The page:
I'm working on a project that basically requires me to go to a website, pick a search mode (name, year, number, etc), search a name, select amongst the results those with a specific type (filtering in other words), pick the option to save those results as opposed to emailing them, pick a format to save them then download them by clicking the save button.

My question is, is there a way to do those steps using a Python program? I am only aware of extracting data and downloading pages/images, but I was wondering if there was a way to write a script that would manipulate the data, and do what a person would manually do, only for a large number of iterations.

I've thought of looking into the URL structures, and finding a way to generate for each iteration the accurate URL, but even if that works, I'm still stuck because of the "Save" button, as I can't find a link that would automatically download the data that I want, and using a function of the urllib2 library would download the page but not the actual file that I want.

Any idea on how to approach this? Any reference/tutorial would be extremely helpful, thanks!

EDIT: When I inspect the save button here is what I get: Search Button

  • 1
    Do they provide an API? if yes, please use that. If not, then your web scrapping approach seems fine. I suggest the requests module of Python. – hridayns Jul 3 '17 at 4:35
  • Use Python requests and Beautiful Soup crummy.com/software/BeautifulSoup – mjsqu Jul 3 '17 at 4:43
  • I recommend selenium webdriver – whackamadoodle3000 Jul 3 '17 at 4:50
  • If Save button is part of a form then you have to sent a GET/POST request with corresponding parameters – gout Jul 3 '17 at 5:08
  • @code_byter It's the library of congress so they should provide an API if I'm not mistaken. The thing is, I don't have much experience working with API and requests, especially if I'm going to have to do more than just retrieve data. I need the script to select things based on the type for filtering purposes, select an action by clicking on the Save button instead of the cancel button. Does API or requests or Beautiful Soup or Selenium allow me to manipulate and work on a website that way, or are they limited in that extent? – Lynn Bou Nassif Jul 3 '17 at 6:29

This would depend a lot on the website your targeting and how their search is implemented.

For some websites, like Reddit, they have an open API where you can add a .json extension to a URL and get a JSON string response as opposed to pure HTML.

For using a REST API or any JSON response, you can load it as a Python dictionary using the json module like this

import json

json_response = '{"customers":[{"name":"carlos", "age":4}, {"name":"jim", "age":5}]}'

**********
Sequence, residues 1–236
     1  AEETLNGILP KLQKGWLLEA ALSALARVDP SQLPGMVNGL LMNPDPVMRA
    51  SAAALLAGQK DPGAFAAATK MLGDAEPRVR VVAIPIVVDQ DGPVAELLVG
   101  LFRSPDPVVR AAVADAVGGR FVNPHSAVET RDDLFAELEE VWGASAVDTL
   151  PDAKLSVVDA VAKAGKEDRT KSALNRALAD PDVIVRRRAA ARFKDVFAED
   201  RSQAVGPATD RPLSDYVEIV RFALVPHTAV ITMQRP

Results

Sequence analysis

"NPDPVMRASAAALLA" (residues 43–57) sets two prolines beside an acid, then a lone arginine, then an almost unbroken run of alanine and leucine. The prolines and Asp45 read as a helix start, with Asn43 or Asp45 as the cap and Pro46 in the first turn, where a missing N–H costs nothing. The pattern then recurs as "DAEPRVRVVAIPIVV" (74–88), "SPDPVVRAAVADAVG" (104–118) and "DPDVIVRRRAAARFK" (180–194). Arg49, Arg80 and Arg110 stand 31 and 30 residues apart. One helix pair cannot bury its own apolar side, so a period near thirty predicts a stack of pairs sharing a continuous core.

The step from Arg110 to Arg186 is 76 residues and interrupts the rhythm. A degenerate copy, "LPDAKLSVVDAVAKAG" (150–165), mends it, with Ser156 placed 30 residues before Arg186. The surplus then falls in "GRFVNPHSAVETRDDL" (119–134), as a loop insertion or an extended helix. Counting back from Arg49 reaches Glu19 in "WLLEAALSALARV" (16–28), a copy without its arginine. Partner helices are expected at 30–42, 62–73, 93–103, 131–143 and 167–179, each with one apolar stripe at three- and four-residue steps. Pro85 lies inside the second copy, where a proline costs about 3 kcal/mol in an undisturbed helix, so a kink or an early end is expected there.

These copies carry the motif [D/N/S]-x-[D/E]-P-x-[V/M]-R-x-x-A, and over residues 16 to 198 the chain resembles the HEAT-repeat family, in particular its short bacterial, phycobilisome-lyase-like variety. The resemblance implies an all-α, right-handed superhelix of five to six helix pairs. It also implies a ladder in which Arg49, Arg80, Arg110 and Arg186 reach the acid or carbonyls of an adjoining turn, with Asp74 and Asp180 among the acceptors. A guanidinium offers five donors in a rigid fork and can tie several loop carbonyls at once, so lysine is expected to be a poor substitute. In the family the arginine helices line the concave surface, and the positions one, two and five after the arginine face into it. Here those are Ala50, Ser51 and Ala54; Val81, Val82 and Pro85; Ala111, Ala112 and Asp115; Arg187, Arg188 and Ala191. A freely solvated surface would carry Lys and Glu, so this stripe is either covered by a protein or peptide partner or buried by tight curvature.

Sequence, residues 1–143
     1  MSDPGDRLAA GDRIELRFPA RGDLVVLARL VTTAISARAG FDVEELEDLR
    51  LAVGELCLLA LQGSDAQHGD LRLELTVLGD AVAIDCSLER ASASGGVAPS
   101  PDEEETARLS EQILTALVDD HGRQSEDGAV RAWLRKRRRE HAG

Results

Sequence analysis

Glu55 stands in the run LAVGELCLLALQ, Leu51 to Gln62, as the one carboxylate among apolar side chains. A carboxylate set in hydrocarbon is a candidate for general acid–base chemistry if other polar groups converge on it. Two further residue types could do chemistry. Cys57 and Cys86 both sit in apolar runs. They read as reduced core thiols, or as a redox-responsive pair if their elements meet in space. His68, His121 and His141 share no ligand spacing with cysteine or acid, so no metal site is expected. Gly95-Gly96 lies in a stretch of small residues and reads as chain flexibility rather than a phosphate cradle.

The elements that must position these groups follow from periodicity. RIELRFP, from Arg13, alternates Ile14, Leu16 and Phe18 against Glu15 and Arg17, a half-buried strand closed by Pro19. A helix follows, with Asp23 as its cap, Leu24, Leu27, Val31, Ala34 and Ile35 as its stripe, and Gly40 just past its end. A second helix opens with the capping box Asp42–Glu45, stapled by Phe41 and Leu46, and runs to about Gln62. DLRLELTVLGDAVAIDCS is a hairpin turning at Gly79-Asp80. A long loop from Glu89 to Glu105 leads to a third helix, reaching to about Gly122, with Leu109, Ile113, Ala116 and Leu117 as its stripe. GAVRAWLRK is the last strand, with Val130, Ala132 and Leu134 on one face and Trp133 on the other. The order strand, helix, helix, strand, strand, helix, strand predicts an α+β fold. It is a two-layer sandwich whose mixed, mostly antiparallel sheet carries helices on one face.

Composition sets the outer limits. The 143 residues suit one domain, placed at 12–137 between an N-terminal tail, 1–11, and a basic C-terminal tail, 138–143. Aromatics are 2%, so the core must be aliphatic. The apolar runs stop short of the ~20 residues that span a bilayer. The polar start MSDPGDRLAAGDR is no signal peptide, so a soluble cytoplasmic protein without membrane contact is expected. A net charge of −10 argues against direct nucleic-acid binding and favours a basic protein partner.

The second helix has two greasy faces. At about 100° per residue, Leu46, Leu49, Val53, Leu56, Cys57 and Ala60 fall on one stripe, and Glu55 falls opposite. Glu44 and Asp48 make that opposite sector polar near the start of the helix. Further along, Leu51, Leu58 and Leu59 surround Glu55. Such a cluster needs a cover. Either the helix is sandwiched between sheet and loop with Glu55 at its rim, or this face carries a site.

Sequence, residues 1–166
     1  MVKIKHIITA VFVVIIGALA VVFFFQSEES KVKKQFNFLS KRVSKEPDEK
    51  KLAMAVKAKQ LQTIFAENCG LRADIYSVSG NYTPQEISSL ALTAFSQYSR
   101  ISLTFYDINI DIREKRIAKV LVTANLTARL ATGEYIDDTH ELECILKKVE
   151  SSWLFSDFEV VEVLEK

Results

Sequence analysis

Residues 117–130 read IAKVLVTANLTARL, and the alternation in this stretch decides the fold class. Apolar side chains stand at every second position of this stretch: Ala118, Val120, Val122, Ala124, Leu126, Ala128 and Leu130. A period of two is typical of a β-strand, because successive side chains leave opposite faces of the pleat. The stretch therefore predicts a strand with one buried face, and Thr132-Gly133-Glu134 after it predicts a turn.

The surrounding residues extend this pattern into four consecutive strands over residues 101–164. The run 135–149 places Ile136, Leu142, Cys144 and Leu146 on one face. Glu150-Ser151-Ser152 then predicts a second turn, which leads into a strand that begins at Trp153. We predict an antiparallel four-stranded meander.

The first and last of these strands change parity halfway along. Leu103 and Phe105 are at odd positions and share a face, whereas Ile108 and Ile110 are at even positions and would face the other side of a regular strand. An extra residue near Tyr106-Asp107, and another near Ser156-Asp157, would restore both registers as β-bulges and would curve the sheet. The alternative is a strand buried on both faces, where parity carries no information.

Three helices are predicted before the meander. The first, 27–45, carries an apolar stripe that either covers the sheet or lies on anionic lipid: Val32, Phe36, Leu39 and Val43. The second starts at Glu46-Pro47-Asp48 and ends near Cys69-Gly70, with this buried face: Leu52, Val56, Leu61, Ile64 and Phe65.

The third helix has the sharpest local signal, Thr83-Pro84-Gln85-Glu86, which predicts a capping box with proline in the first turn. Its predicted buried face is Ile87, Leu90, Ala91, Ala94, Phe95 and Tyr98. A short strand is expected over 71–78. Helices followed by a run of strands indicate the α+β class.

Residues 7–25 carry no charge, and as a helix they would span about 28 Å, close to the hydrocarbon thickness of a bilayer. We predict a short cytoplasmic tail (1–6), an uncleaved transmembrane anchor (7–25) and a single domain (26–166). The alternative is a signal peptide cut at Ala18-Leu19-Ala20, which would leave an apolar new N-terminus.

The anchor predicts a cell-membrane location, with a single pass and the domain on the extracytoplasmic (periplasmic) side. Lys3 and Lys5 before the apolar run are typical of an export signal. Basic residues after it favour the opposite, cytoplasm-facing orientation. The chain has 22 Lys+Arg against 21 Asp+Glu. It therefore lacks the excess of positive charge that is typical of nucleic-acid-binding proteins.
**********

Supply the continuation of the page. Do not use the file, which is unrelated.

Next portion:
rdict = json.loads(json_response)

def print_names(data):
  for entry in data["customers"]:


You should take a look at the Library of Congress docs for developers. If they have an API, you'll be able to learn about how you can do search and filter through their API. This will make everything much easier than manipulating a browser through something like Selenium. If there's an API, then you could easily scale your solution up or down.

If there's no API, then you have

  1. Use Selenium with a browser(I prefer Firefox)

  2. Try to get as much info generated, filtered, etc. without actually having to push any buttons on that page by learning how their search engine works with GET and POST requests. For example, if you're looking for books within a range, then manually conduct this search and look at how the URL changes. If you're lucky, you'll see that your search criteria is in the URL. Using this info you can actually conduct a search by visiting that URL which means your program won't have to fill out a form and push buttons, drop-downs, etc.

  3. If you have to use the browser through Selenium(for example, if you want to save the whole page with html, css, js files then you have to press ctrl+s then click "save" button), then you need to find libraries that allow you to manipulate the keyboard within Python. There are such libraries for Ubuntu. These libraries will allow you to press any keys on the keyboard and even do key combinations.

An example of what's possible:

I wrote a script that logs me in to a website, then navigates me to some page, downloads specific links on that page, visits every link, saves every page, avoids saving duplicate pages, and avoids getting caught(i.e. it doesn't behave like a bot by for example visiting 100 pages per minute).

The whole thing took 3-4 hours to code and it actually worked in a virtual Ubuntu machine I had running on my Mac which means while it was doing all that work I could do use my machine. If you don't use a virtual machine, then you'll either have to leave the script running and not interfere with it or make a much more robust program that IMO is not worth coding since you can just use a virtual machine.

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